The circumstances in which people are born, grow up, live, work and age influence their perceptions and understanding of cancer and its risk factors. Differences in income levels, employment, education and geographical location (rural or urban settings), or what is known as “the social determinants of health”, mean that the risks that contribute to developing cancer are greater in certain populations relative to others. Disparities are found between countries and regions around the world as well as between populations within countries.
Specifically, risk factors include reproductive, occupational and environmental factors; limited knowledge and awareness of cancer that can lead to misinformation and misconceptions about cancer; chronic infections; and greater difficulties in accessing prevention services, early detection and screening programmes, cancer and pain medicines, therapy and palliative care.
Social norms and attitudes related to gender, sexual orientation, ethnicity, disability and old age also exert important influences on the way cancer is understood and lived, diagnosed and treated. Stigma and discrimination are deeply intertwined with other socioeconomic factors, compounding the negative impact on a person’s exposure to health risks.
A new report by Dr Sonali Johnson, Head of Advocacy, UICC, “The Social Determinants of Health and Cancer”, published this week on the occasion of World Health Day on 7th April under the theme “Building a fairer, healthier world”, provides an in-depth look at how health inequity can be addressed through advocacy and action.
“Addressing the socioeconomic factors that cause ill health and result in health inequities is crucial in order for everyone to attain the highest standard of health, regardless of race, religion, political beliefs, social or economic situation. This right is enshrined in both the WHO Constitution and the UN Declaration of Human Rights.”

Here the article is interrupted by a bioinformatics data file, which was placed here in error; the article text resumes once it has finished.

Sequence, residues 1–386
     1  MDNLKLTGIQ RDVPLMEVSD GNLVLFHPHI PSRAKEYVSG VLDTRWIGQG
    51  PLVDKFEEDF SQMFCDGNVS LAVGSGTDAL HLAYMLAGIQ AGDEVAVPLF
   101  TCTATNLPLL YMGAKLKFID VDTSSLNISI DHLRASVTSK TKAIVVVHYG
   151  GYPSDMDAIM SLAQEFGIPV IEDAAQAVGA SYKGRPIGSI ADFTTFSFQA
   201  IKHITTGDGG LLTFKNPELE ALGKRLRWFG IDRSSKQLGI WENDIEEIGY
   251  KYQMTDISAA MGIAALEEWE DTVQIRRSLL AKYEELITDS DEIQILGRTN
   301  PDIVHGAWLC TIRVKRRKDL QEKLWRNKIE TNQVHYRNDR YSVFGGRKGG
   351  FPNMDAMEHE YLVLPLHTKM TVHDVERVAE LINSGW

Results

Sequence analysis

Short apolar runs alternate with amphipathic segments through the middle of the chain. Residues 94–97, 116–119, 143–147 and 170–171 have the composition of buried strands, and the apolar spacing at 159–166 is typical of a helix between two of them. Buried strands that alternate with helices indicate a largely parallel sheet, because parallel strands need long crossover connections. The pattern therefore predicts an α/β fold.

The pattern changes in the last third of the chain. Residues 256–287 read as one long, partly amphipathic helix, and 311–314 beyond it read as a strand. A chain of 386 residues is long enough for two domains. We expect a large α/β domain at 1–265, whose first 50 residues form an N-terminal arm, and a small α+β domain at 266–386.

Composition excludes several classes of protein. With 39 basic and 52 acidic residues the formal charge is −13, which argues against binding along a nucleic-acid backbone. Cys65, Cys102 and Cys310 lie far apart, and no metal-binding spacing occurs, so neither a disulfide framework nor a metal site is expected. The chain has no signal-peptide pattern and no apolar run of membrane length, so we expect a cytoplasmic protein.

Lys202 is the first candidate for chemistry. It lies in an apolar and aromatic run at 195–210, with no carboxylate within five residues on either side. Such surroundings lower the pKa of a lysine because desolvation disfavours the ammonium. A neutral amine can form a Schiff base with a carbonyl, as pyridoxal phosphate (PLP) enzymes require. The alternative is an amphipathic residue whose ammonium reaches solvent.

– Dr Sonali Johnson, Head of Advocacy, UICC
Social determinants are not set in stone or predetermined; they can be modified, a person’s situation can be improved, their knowledge of cancer increased, their access to services made easier. This means that many of the resulting differences in health status are avoidable. Outreach programmes, education (on health risks as well as to raise awareness and overcome stigma and discrimination within the medical profession and among the general public), and targeted investments in quality services designed to be accessible by all populations, are all actions that can help reduce the health inequities observed between populations.
The report analyses a number of social determinants that create inequities between populations and how they can lead to poorer health outcomes. These include gender norms and discrimination; low socio-economic status; structural and societal barriers for indigenous and minority populations; limited access to health promotion; early diagnosis, treatment and care among rural populations; lack of attention to older adults; and structural and societal barriers among refugees and internally displaced populations.
These factors cannot be tackled in isolation as they are often found in combination and reinforce one another. The report emphasises that they must be addressed comprehensively, for example in national cancer control planning efforts.
A National Cancer Control Plan or NCCP is a key strategic tool for a country to assess and prioritise its needs, mobilise its resources and implement the most efficient measures and interventions in the national context to reduce the country’s cancer burden. In particular, an NCCP must take into account the inequities in health with an analysis of the specific challenges facing underserved and vulnerable populations.
Health authorities can then adopt an approach that takes into account and welcomes the participation of these populations, which will not only improve the chances of overcoming structural barriers but also cultural challenges that may otherwise limit the acceptance and use of key health services. Finally, access must be based on need, not the ability to pay and financial support must be made available so that no one fears falling into poverty because of the cost of medical care.
“A fundamental step in addressing the social determinants is through cancer surveillance. The collection and use of data by population-based cancer registries is important to inform policymaking and track the national cancer burden over time, understanding where there are disparities in the cancer burden among populations and monitoring these, including the success or failure of programmes to reduce incidence, decrease mortality and improve survival.”
– Dr Sonali Johnson, Head of Advocacy, UICC
An NCCP that provides easier and greater access to cancer care to all populations is also essential to achieving Universal Health Coverage (UHC). Only by laying the groundwork for more equitable outcomes in cancer care, by understanding and addressing the social determinants that underpin inequities, can all individuals truly enjoy the fundamental right to health promised by UHC.